Good Lighting

Our cottage in Maine is not so much appointed with furniture as it is with light.  The sunrise paints great blocks of yellow rectangles and sunset’s final kiss leaves a rosy blush at the end of the day, which is generally when I ask Paul to take my picture.  The light is gentler then and as the years progress, I have begun to appreciate good lighting.

If there is anyone else who appreciates good lighting, it is our utility company.  Paul has completed no end of “lighting projects”.  Seems there isn’t a spot that could not benefit from a little more illumination; the space above and below the kitchen cabinets, the area behind the TV, the wall above the sofa and even the margin below our bed.  Dark corners don’t stand a chance in our home. When I say that Paul lights up my life, I mean it quite literally.
On a recent cool September evening as we sat by the communal fire pit, our neighbor Michelle leaned back in her Adirondack chair, warmed from the fire as much as from a glass of wine and mused out loud, “We just love looking up at your cottage; it always has such a nice glow with all of those open windows.”  She paused and smiled while gazing into the fire and then added, “By the way, where did you get that dresser in your bedroom?”
The heat in my face was less from the fire and more from the blood rushing to it as I mentally rewound the tape from past nights’ bedroom activities, damn Paul and all of his lighting. But I understood what she was saying.  There is a comfort in a lamp’s glow or a flickering television when viewed from the outside on a dark night.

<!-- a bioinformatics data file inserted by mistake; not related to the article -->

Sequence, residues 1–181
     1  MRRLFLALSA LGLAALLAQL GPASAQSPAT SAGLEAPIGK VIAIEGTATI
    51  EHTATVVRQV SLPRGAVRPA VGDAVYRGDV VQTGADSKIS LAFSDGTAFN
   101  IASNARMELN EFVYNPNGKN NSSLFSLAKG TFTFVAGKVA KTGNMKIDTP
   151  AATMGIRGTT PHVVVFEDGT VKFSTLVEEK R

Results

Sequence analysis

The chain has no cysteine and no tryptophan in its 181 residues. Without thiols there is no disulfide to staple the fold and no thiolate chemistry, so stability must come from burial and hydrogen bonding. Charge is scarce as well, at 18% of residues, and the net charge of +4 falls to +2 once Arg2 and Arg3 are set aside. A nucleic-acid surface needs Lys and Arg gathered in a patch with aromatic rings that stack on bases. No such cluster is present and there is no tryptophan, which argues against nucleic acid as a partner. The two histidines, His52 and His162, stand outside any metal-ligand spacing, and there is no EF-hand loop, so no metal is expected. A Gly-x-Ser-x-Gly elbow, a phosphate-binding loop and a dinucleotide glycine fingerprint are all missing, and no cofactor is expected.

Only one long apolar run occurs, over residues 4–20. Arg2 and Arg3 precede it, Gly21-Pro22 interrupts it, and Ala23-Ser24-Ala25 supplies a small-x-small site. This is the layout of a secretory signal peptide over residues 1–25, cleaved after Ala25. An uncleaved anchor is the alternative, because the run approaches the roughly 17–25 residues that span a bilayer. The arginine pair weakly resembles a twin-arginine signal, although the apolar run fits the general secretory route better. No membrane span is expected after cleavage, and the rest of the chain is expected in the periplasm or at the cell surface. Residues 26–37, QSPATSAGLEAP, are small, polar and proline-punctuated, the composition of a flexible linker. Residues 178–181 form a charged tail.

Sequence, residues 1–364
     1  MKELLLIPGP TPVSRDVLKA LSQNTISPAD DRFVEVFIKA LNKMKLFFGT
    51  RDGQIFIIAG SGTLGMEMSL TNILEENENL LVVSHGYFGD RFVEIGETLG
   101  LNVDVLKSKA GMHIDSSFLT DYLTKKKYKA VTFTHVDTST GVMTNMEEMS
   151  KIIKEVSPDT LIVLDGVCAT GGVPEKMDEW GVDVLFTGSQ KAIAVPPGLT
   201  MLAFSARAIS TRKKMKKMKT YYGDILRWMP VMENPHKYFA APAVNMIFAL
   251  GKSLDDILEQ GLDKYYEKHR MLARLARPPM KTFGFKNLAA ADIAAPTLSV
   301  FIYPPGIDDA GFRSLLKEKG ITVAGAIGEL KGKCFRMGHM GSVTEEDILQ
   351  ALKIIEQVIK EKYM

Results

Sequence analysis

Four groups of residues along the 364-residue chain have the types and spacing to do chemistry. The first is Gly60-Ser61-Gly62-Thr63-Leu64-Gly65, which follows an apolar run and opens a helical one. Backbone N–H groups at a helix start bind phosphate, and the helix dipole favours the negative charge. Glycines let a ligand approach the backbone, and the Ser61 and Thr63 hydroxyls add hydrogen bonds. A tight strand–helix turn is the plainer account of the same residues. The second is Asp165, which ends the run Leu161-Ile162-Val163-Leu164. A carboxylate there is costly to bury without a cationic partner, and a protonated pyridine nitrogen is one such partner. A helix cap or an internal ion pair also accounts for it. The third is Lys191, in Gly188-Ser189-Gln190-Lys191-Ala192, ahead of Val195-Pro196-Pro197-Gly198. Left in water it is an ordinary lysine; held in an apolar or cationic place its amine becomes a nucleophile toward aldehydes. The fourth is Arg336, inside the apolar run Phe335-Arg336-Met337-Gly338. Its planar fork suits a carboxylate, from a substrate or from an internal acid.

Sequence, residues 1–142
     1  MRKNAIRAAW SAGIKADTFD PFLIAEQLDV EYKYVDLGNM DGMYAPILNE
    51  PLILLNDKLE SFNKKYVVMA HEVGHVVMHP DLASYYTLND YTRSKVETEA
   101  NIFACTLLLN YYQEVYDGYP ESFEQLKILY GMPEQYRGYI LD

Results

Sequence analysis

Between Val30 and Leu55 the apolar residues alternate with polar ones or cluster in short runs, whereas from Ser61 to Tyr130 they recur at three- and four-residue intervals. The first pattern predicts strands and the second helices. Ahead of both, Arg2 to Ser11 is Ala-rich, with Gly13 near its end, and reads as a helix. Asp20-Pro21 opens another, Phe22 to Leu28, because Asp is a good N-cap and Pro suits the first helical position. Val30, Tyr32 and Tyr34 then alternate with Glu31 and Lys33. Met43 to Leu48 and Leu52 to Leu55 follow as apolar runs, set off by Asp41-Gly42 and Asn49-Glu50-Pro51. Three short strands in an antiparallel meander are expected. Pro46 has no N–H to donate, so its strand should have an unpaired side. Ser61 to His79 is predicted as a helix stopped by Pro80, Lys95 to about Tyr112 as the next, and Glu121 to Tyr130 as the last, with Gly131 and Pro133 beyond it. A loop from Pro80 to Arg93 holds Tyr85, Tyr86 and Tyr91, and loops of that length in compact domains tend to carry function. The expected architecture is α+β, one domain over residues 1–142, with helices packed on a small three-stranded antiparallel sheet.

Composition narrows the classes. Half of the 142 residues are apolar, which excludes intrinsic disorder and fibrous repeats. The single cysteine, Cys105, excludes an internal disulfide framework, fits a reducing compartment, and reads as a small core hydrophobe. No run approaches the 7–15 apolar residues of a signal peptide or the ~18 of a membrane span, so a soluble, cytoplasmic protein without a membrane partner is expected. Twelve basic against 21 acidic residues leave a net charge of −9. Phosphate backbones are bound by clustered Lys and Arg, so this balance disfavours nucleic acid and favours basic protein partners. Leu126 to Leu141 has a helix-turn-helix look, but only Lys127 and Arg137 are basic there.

It says that there is life here.  Someone you love has left a light on for you.
As the fire danced and the children screamed and squealed while chasing an unfortunate frog, I began to think of this past summer, of the shortening days and lengthening nights.  Soon enough the long days of summer would be memories and I was not so keen to let them go.
So I catalogued them in my mind: the marsh bisected by a river of silver in the early morning fog, the walk along the sandy trail while the crickets chirp in the beach roses under the fierce midday sun, the splintered sunlight, like millions of diamonds sparkling on a blue velvet ocean, the slanted light on Paul’s face when I meet him at the train station on a Friday evening. 
These are the little lights that I leave on for myself, to illuminate the dark corners of a cold winter’s night. 

This is good lighting.
 
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